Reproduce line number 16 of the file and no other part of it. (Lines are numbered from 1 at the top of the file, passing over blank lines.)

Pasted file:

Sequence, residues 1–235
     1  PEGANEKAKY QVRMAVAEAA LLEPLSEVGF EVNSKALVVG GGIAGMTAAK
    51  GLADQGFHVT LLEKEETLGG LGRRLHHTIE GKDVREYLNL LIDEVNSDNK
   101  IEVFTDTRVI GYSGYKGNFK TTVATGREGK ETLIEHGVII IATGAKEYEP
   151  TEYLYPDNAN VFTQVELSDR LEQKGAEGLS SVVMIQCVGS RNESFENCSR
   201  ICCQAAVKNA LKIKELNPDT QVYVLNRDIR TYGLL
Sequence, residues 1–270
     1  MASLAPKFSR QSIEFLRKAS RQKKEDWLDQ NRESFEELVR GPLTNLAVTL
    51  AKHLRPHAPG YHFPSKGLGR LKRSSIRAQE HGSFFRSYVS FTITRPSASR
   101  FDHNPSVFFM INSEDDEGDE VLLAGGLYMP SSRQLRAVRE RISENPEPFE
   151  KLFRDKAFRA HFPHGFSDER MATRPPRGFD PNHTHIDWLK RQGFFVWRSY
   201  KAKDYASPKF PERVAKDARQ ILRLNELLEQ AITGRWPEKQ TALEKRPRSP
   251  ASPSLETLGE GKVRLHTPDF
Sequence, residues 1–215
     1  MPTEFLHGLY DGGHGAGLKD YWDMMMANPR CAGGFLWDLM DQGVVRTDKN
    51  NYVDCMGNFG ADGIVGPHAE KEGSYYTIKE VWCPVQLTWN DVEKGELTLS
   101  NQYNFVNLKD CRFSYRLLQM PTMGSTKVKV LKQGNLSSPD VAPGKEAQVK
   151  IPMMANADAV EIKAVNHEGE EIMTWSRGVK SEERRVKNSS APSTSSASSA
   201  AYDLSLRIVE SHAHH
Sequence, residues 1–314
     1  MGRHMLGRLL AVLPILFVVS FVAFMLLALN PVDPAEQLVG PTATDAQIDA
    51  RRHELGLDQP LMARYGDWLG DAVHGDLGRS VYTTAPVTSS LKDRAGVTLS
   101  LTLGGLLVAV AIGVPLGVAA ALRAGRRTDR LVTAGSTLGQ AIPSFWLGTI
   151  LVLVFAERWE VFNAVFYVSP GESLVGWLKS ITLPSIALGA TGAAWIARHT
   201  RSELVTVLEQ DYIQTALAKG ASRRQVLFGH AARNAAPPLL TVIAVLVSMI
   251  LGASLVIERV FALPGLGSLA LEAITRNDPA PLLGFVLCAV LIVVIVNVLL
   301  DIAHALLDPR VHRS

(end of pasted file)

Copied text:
    51  NYVDCMGNFG ADGIVGPHAE KEGSYYTIKE VWCPVQLTWN DVEKGELTLS